How to Fix Pop Up Laminate Floor
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How to Fix Pop Up Laminate Floor

i put in new laminate floor last winter it look find until now some part of the floor is popping up like a ballon need your help how to fix it without tearing out the floor

thank you very much

Asked on Jul 14, 2010Improve / edit this question

7 Answers

Daniel Snyder   L6: Pro (Ambassador: L2)   367 answers   +915 votes
This answer has +4 votes  by

I am assuming that you are talking about a wood laminate floor; it sounds like you did not leave enough of a gap along the walls and it has expanded due to temperature and/or moisture.  You probably have to remove the base molding around the perimeter of the room and see if it is touching anywhere.  You would need to cut away the flooring so that it is 1/2 inch from the wall, although since it has expanded, 1/4 inch is probably good enough since it will shrink back when the temperature and humidity levels drop back to what they were when the flooring was installed.  It may only be possible to do this by removing the last course of flooring and rip down the width on a table saw and then reinstall the floorboards.

If there is a gap around the perimeter of the wall the flooring may have gotten wet from underneath or from a spill.  If the flooring was installed over concrete, you may have a moisture/condensation problem.  It may be over a basement or craawlspace that is damp.

If you are talknig about a vinyl floor, the underlayment has detached from the subfloor.  The vinyl needs to be pulled back and the underlayment refastened with staples or nail, the nail holes patched with a floor leveler, and then the vinyl reglued.

Posted on Jul 14, 2010
TipTop Flooring   L2: Contributor   1 answers   +2 votes
This answer has +2 votes  by


These are either a convex or a concave curvature of the planks, usually caused by excess moisture—either dampness rising from the subfloor, lack of a sufficient moisture barrier, and/or high humidity in the room. Another common cause is using too much water in cleaning the laminate floor.

The tension occurs most often around the walls where the flooring abuts, and to repair the problem the basic goal is simply to decrease that tension.

  • Remove molding
  • Replace the Spacers

When the flooring was installed, spacers were placed between the wall and the closest floor board. These were put in place to support the flooring between the boards and the wall. Remove these spacers and install smaller ones to provide more room for the expanded floor boards. Next, push down on the buckled area or peak. If it does not disappear with pressure, use smaller and smaller spacers until the peak disappears.

  • Reinstall the molding

Best regards


Posted on Aug 27, 2010
Tony Perez   L1: Member   4 answers   +2 votes
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You may be able to repair it however, over my last 31 years I have seen this condition many times, it will probably come back and even spread due to moisture vapor in the sub flooring. Have the moisture content and RH checked.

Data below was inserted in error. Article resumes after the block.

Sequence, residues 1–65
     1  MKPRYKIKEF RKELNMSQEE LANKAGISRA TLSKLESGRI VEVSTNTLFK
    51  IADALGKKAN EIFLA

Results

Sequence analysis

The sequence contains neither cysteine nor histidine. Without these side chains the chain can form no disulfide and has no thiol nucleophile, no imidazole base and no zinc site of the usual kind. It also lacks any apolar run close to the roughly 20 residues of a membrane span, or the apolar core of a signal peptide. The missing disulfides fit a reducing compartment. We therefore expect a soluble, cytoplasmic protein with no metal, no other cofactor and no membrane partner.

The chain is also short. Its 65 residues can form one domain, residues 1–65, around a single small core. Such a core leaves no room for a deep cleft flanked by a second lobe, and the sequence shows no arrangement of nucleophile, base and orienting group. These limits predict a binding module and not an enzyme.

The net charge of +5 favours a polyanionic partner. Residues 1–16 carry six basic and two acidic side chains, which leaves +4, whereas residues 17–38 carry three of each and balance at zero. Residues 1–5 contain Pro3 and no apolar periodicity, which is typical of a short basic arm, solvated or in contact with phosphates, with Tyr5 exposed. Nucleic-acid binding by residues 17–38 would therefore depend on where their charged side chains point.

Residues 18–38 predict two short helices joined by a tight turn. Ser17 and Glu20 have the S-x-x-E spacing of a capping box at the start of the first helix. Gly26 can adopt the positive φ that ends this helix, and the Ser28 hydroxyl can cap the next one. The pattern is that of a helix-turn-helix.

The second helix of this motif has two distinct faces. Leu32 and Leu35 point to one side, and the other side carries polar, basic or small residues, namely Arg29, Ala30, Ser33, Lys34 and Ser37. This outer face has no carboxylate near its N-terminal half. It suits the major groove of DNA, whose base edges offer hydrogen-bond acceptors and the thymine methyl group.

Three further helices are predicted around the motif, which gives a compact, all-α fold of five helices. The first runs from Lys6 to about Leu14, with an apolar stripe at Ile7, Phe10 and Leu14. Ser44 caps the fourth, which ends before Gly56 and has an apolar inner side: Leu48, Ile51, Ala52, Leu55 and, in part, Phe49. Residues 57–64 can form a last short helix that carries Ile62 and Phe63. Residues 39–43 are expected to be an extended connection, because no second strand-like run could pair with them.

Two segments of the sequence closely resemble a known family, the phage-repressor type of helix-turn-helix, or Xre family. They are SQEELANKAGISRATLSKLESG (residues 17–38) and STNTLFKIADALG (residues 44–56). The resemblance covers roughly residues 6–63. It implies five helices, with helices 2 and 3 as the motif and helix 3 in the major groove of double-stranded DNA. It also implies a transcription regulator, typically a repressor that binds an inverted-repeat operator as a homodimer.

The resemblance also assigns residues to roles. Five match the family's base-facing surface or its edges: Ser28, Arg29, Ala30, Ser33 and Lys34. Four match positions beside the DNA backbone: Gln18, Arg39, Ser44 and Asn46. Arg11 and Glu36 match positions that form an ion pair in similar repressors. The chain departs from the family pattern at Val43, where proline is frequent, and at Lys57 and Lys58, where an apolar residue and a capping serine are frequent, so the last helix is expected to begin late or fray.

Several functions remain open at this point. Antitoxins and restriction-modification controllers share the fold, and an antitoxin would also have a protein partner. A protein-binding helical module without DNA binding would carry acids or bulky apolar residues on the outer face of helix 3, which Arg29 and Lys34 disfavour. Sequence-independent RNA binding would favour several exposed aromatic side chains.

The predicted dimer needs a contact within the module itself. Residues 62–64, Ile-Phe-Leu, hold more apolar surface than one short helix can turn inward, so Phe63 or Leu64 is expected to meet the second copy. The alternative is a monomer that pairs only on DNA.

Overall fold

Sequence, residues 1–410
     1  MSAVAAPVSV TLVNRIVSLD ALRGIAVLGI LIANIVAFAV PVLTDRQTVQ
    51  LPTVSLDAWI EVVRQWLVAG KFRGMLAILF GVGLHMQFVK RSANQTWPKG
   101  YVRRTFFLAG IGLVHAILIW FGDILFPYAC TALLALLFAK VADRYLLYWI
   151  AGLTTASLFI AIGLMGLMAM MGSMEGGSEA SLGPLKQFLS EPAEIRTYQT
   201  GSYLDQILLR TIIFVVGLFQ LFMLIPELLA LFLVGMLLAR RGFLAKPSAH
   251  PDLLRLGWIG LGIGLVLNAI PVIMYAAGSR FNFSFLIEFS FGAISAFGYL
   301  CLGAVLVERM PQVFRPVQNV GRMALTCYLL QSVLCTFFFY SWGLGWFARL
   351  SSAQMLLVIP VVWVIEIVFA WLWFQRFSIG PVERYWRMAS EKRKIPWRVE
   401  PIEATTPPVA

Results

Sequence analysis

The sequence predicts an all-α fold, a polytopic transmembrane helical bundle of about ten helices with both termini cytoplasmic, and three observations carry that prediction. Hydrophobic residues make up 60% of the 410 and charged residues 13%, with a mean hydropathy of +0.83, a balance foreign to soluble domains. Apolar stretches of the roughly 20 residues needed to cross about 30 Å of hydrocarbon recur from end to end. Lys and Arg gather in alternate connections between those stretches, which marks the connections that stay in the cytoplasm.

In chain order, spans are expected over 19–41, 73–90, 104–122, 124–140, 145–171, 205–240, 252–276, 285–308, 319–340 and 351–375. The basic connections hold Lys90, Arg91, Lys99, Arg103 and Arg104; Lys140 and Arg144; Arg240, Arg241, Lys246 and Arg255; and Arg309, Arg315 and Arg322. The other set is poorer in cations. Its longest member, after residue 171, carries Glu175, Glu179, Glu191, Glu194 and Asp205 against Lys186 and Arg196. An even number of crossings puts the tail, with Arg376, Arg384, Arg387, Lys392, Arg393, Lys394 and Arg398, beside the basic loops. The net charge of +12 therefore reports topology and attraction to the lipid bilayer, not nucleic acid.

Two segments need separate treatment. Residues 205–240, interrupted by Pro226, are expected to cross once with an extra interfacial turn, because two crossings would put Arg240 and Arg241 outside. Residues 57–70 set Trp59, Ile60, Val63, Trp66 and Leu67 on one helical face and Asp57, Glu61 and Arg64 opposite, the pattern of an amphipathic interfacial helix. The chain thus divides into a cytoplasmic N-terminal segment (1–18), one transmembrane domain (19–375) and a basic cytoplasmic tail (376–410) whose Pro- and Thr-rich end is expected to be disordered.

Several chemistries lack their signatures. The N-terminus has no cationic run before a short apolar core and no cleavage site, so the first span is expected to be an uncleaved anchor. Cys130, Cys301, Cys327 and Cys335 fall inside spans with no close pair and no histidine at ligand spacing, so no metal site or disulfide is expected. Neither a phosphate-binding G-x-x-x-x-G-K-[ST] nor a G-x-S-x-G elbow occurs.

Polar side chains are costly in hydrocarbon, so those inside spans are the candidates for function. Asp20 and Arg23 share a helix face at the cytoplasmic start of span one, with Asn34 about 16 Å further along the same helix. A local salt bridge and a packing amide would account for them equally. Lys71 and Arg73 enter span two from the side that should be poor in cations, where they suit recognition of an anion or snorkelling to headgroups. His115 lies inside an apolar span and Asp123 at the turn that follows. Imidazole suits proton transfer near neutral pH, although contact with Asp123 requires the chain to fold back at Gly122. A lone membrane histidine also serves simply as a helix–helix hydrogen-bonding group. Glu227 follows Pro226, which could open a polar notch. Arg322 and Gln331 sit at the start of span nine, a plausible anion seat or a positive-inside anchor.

Any other question

Posted on Sep 8, 2010
Missy Lowe   L3: Expert   42 answers   +14 votes
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Have you fixed it yet? These previous answers are good, but without more detail it is really tough to know what the actual problem is. Can you post pics? Is the floor below grade? What is the laminte material made of, and where, exactly, is the 'balloon' swelling taking place, how large  is it, and did any known incident (such as a spill, pet accident, or leak) precede the swelling? What does the subfloor consist of, and what sort of barrier did you use underneath? By balloon, do you mean that the entire floor is lifting, or that there is a separation between laminate layers...or simply a 'swollen' area somewhere?

Posted on Apr 11, 2012
shane ross   L1: Member   2 answers   +0 votes
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just read this and i have a similar issue.  laid some laminate across the downstairs of a 2 up - 2 down house.  Its popped in 3 places: at the front door, at the stairwell and at the door under the stairs.  Its laminated flooring laid on a basic cheap underlay (thin polystyrene roll) and the base floor is concrete.  I left an expansion gap when i fitted it of about 10-15mm.

Posted on Jun 25, 2012
shane ross   L1: Member   2 answers   +0 votes
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forgot to say - i fitted it 6 months ago

Posted on Jun 25, 2012
Daniel Snyder   L6: Pro (Ambassador: L2)   367 answers   +915 votes
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Another issue besides the expansion gaps around the perimeter is that the flooring should be set in the building it is being installed for about 24 to 48 hours so it can acclimate to the surroundings. Even though it was installed 6 months ago, it may have been dried before it was installed in your home and has since expanded due to the humidity. You might want to check the humidity levels in the areas where the flooring is buckled. The only way to fix it is to remove the last row along one wall and rip down the boards to allow for more room. You will probably have to install shoe moulding or quarter round over the edge when you are finished re0installing the flooring. If you already have moulding installed over the floor, this may be too tight and preventing it from moving.

Posted on Jun 25, 2012

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